Wednesday, February 11, 2015

Tucson Gem Show 2015, Part II

The trickiest things about using one of a kind gems in your jewelry designs, is that sometimes you can really find what you need...ahem, *want*, easily and at the right price, like yesterday's turquoise...and sometimes you can't. This year, a few of my "regular" buys were harder to come by.

Larimar,for example, can be tricky to find. Last year the price skyrocketed and I really had to do some hunting to find what I needed. I had similar problems this year; the prices were better BUT the gems were cut really, really thick, which I don't like. A thicker cut usually means a few things:

- a sloppier or less experienced cutter

- a more expensive purchase (and not in a good way) Thicker cabs mean that I pay more for the raw material weight, then I have to use more metal to bezel the gems, which means my customers also will pay more overall. Which I don't like, which is why I look for thinner cabochons. :)

- a lesser quality gem - sometimes it seems like poor quality is "made up for " by cutting thicker gems. But I don't want "more gem, less quality" I'd rather have better quality material.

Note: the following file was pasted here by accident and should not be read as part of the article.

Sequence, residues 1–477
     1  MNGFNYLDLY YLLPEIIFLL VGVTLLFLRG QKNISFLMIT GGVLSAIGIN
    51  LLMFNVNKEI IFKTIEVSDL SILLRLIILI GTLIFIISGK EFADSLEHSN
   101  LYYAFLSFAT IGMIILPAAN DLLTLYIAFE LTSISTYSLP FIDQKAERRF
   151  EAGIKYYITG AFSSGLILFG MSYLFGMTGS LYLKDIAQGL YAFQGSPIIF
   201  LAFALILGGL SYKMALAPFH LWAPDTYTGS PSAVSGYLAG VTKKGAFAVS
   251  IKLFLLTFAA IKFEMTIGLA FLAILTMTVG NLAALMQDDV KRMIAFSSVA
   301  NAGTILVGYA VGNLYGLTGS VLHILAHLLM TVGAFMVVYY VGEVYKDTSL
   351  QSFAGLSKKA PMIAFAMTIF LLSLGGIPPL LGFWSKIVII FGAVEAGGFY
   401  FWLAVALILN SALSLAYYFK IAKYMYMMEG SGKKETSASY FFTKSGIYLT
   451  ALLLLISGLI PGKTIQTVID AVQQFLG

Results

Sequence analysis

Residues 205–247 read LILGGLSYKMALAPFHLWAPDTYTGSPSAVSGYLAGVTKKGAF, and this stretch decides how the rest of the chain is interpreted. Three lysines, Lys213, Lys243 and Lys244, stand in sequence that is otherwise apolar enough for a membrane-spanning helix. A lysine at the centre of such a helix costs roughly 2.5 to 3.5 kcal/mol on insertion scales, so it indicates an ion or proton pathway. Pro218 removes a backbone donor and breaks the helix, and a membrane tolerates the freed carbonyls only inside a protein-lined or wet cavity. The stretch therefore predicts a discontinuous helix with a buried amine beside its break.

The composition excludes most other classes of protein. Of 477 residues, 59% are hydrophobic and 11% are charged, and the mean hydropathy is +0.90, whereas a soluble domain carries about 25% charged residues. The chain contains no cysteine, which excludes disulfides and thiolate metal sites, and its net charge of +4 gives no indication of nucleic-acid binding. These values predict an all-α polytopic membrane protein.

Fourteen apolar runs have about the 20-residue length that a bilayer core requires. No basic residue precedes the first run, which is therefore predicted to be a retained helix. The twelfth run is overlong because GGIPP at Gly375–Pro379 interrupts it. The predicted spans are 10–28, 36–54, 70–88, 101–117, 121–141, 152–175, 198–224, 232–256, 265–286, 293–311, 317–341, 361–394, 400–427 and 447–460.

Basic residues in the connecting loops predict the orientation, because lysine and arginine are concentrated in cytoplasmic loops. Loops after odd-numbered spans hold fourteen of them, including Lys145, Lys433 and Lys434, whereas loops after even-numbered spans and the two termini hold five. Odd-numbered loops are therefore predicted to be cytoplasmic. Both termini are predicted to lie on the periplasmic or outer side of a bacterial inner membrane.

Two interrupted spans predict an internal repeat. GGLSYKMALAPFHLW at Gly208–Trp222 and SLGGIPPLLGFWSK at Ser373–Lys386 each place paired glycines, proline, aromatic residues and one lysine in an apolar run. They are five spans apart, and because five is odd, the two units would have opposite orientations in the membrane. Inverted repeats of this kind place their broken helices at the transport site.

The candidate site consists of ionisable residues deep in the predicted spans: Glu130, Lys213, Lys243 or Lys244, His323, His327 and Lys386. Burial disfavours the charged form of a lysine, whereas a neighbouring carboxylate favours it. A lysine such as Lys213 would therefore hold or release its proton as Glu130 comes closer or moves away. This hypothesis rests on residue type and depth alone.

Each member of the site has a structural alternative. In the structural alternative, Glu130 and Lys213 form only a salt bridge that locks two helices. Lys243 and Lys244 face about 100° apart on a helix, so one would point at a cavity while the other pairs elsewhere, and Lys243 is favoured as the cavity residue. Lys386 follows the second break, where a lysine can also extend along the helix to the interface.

These in the photo are nice and "svelte"and the corners are well done. I am finding the patterns in the new gems coming out of the Caribbean so much more interesting than some of the earlier material that was simply straight-up blue. These patterns are fabulous!

I also found it hard to find the "right" matched pairs of Larimar for earrings. Either there simply weren't any available, or they were way too spendy for my plans. Or too thick - which, in addition to the issues I mentioned above, often means that the gems will be far too heavy for comfortable earrings. I get a lot of comments about how my earrings are comfortable to wear, and I take pride in making that part of my design prioritites. So thick gems for earrings are really just not an option.

Actually, this year I ended up making some of my own matched pairs, out of some huge bins of random gems. I sorted through entire bins to find cuts and color patterns that matched up:

I spent three hours at one dealer's location. For an eight hour shopping day (minus travel time), that's a chunk. But between the Larimar and the Peruvian opals I'll show you later, all thatt time did not go unrewarded. :)

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